While we’ll usually throw a few classics into the mix, the show has always been about introducing listeners to new music. That’s what keeps us excited and why we still do it. So we’re always listening out for new stuff… digging through lots of promos, various sites, record shops when they’re open, other DJs.
You are about to release your third studio album. When you start to make an album how do you begin? Do you begin with a concept or do you fiddle around with sounds initially?
It’s a very different process to making individual tracks. Having a theme or, dare I say, a concept for an album can really give you a strong focus. This record seemed to come together quite naturally. One track began to lead to another and echoes started to appear back and forth throughout. We didn’t start first day with a list of themes but they slowly emerged over the course of recording.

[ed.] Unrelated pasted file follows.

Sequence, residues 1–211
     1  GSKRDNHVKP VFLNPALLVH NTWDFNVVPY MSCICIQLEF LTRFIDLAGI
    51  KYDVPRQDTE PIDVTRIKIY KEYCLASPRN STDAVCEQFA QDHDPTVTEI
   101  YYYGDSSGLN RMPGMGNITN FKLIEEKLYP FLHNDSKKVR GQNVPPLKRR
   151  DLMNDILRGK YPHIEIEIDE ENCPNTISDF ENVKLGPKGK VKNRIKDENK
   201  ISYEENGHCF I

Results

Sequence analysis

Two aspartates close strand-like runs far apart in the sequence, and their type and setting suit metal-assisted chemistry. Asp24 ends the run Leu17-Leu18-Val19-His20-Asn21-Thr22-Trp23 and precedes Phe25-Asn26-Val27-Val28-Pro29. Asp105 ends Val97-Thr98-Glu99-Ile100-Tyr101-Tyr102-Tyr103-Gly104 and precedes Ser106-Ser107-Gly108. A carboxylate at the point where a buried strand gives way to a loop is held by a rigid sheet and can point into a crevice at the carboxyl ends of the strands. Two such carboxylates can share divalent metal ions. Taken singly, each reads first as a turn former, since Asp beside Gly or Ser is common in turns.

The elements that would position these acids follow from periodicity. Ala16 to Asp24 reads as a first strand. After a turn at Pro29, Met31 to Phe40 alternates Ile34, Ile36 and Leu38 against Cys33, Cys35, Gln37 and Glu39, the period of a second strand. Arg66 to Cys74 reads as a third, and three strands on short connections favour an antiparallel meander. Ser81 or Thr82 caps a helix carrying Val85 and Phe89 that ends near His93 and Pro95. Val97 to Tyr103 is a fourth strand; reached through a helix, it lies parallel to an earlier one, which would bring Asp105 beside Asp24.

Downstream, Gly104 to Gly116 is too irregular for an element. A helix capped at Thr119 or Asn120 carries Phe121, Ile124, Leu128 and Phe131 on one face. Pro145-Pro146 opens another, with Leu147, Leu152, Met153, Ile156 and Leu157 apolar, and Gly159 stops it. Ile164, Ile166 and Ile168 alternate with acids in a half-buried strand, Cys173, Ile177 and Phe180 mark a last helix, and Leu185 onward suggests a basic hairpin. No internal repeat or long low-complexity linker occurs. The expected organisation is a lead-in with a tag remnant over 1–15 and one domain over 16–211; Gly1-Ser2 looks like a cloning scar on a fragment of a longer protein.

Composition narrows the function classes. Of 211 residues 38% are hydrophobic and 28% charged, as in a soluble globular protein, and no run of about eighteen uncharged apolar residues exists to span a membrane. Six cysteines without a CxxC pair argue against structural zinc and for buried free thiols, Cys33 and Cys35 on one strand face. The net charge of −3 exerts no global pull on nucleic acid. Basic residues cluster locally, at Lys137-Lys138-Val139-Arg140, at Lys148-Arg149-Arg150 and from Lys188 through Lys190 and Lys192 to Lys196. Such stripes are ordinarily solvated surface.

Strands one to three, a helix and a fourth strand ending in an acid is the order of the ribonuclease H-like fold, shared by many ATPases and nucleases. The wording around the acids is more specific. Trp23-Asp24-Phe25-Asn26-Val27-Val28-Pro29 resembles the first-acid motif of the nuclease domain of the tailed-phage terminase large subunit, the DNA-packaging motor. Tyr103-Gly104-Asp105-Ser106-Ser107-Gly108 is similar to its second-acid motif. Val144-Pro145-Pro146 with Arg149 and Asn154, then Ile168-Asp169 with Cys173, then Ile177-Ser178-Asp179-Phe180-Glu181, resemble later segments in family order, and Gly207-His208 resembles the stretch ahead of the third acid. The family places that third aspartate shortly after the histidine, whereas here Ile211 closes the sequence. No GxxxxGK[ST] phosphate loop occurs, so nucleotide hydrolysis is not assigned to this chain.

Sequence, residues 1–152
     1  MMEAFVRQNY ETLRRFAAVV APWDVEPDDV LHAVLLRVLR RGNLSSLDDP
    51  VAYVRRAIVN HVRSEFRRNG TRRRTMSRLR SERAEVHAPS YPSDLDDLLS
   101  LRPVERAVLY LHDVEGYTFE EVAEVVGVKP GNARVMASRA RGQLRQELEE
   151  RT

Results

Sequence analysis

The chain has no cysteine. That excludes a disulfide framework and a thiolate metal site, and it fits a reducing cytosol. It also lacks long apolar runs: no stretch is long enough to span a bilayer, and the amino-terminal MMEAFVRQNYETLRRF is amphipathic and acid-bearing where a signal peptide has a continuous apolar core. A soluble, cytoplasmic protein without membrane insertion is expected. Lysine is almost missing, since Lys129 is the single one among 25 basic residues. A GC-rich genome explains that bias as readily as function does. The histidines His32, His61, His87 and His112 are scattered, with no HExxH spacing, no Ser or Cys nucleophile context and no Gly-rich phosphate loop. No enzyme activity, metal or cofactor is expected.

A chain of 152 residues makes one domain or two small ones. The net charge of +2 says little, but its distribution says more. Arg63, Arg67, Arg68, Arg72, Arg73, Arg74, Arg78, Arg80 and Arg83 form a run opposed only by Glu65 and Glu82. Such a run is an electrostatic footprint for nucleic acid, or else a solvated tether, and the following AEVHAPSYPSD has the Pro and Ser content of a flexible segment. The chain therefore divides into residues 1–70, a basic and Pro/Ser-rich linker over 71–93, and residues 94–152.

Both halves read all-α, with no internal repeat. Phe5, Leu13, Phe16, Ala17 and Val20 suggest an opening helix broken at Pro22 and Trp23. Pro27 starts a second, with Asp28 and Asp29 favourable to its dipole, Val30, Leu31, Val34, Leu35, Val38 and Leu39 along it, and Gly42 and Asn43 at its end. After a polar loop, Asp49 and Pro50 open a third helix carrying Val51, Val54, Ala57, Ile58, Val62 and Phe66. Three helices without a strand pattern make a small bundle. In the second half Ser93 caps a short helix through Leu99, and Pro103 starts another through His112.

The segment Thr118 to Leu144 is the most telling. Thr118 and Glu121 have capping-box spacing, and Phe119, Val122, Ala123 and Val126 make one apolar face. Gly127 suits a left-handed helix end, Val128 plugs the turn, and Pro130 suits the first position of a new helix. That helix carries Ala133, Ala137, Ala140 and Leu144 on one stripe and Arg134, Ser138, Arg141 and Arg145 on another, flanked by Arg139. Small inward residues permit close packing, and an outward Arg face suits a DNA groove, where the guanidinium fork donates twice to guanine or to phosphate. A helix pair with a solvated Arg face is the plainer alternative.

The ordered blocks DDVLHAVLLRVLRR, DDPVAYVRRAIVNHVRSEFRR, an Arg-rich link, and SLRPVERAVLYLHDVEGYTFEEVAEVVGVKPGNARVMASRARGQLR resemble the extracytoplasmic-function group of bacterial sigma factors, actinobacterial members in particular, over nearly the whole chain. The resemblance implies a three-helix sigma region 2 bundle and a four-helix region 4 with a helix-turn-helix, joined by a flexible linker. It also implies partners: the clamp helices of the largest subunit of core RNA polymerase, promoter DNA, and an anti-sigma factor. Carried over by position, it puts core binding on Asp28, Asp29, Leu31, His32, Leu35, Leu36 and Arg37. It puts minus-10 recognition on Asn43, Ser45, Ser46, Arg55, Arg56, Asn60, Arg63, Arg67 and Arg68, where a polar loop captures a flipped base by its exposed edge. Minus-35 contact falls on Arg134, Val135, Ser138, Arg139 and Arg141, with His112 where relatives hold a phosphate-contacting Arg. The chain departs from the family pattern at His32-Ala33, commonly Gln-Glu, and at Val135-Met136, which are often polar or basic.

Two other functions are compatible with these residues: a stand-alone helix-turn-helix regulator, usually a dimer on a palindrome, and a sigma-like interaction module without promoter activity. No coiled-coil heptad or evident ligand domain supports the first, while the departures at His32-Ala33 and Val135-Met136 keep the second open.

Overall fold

You made your forthcoming LP ‘This Bit Of Earth’ at the end of 2019 and last year. It’s a very unexpected affair for you legends of the deep house scene. How did this collection come about? The album feels sad and melancholic in parts but also hopeful. Does this represent your feelings from the time?
What’s going on in your life always finds a way in to the music so all the upheaval and mood swings of the past year is all in there. Maybe a little bit of hope looking into the future too.
Suburban Key is so emotional. Sounds like Four Hero. Did something special happen when you were making this track as it feels very intense and very moving..
Thanks, that’s good to hear. It was one of the later tracks we wrote and I think it best captures the feelings and mood of our year.